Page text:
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Hotels for sale: 'get 'em while they're hot.'

Hotels for sale: 'Get 'em while they're hot'

"Hotels will remain a good investment until hotel rates increase at a double-digit number," said Stephen Brener, president, Stephen W. Brener Associates, Ltd. to a meeting of the Association of Real Estate Women (AREW) at the Grand Hyatt Hotel.

Once rates "go double", Brener said, everyone will start projecting about the fortunes to be made in hotels and people will start building.

Brener said the hotel industry is in a "serious time" because of the over-built market that has existed for the past three years. Before 1986 tax reform, Brener said, hotels presented the best "tax deal", thus came rapid production and a greater diversification of product. Many of those developers, however, have foreclosed and lenders have become owners. Today hotels are available for sale from institutions, banks, insurance companies and the Resolution Trust Corporation (RTC).

Oversupply, combined with the recession and the war in the Gulf, made for a national occupancy rate last year of 72 percent and a 3.69 annual growth in demand. In 1991 January, February, March were each well behind what they were last year.

"Historically, it (the hospitality industry) has seen about a 5 percent increase in demand and that goes into the 80's."

Brener said the current economic climate has brought changed travel patterns. Companies, for example, will send execs on trips early Monday and return them Thursday night rather than make it a Sunday to Friday trip, and during the war, travel into cities on the weekends was down.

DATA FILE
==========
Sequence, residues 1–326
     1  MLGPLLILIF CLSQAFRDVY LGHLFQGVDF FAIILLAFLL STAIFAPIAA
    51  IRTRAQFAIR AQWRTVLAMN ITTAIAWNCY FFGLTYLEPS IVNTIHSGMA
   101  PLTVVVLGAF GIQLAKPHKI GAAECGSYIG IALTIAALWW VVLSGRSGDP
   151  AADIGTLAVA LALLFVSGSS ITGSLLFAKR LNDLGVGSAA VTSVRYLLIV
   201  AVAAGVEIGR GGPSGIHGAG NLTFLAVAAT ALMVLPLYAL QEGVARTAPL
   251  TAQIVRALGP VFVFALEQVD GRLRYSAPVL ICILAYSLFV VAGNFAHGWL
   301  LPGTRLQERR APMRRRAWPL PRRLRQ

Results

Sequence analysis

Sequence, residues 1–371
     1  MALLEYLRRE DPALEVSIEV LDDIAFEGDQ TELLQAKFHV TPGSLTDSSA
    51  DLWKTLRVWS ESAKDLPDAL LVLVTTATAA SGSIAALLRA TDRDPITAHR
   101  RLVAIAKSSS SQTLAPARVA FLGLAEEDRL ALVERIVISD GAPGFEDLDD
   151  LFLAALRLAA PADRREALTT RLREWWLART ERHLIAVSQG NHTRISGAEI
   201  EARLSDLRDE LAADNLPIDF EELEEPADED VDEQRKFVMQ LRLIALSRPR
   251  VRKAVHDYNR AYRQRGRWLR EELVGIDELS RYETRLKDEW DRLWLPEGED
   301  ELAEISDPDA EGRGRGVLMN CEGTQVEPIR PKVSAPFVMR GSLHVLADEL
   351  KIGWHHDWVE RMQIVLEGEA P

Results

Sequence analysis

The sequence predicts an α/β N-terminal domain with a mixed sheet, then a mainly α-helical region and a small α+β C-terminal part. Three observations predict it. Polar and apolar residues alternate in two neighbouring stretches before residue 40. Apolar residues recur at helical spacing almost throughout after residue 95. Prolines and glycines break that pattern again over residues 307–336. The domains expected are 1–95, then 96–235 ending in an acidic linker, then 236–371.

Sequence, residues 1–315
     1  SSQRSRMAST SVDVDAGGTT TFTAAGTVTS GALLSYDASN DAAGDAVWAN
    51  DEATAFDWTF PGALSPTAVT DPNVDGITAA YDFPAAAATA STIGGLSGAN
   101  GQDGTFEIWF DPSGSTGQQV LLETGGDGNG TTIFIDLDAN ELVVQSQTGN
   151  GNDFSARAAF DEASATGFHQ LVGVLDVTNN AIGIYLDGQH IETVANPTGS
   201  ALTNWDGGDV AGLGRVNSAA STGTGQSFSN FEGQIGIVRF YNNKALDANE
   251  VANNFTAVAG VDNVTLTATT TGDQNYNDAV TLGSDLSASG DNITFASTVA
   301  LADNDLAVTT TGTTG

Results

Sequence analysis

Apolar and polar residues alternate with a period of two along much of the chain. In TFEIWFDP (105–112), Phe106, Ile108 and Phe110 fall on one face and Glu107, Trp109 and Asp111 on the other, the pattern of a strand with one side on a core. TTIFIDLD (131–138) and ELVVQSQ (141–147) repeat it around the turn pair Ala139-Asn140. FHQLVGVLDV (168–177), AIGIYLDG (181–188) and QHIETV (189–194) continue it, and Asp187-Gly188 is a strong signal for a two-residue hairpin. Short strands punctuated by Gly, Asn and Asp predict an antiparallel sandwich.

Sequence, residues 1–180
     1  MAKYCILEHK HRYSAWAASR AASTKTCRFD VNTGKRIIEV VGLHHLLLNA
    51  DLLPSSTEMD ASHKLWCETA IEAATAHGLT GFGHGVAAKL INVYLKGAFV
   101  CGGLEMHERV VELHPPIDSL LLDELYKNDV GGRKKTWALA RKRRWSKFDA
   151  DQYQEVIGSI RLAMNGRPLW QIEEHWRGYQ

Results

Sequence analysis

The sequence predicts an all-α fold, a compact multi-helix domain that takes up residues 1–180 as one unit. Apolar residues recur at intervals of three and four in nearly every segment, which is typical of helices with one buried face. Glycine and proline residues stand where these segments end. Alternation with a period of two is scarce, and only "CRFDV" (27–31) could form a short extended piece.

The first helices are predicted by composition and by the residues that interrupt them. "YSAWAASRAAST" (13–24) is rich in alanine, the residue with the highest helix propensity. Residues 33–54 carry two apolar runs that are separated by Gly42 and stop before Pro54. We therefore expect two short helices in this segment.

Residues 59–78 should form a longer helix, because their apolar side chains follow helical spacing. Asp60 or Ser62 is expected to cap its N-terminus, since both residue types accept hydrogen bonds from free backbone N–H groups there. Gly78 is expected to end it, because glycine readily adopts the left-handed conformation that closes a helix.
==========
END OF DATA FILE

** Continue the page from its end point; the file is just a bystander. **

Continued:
There has been an increase, Brener said, in weekend discounts and packages to try and level occupancy. "If we don't get you on Saturday night, we get killed...Today we're wondering what we're going to have to give away next."

In Washington, D.C. the effects of the recent rioting there will be felt for the next three years. In San Francisco, he said, rates are still not back to what they were before the earthquake.

And New York is expected to get between 10 and 12 hotels in Midtown and Downtown including: the Sheraton Regis, the Pennisula, and the 57th Street Regent, expected to be one of the most expensive hotels.

New York, however, last year had 73.7 occupancy and Boston 73.4 percent, while no other city was even in the 70's.

Brener said there is very little financing available for hotels. There are many "mini-perms" coming due soon and there is no place to turn for refinancing. Anyone building today is building small, have ties in the area, and is getting financing from local banks based on a superior reputation. The other avenue for financing is off shore.

The industry has seen the entrance of the "hotel management companies" that take contracts for under one-year. There is a contract that Brener said, resembles a lease without the rent. The employees belong to the management company, which presents an annual plan that the property owner approves. Brener said, he thinks the United States will see a trend for small upscale hotels in the near future.
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Copyright 1991, Gale Group. All rights reserved. Gale Group is a Thomson Corporation Company.

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Author:Fitzgerald, Therese
Publication:Real Estate Weekly
Date:May 15, 1991
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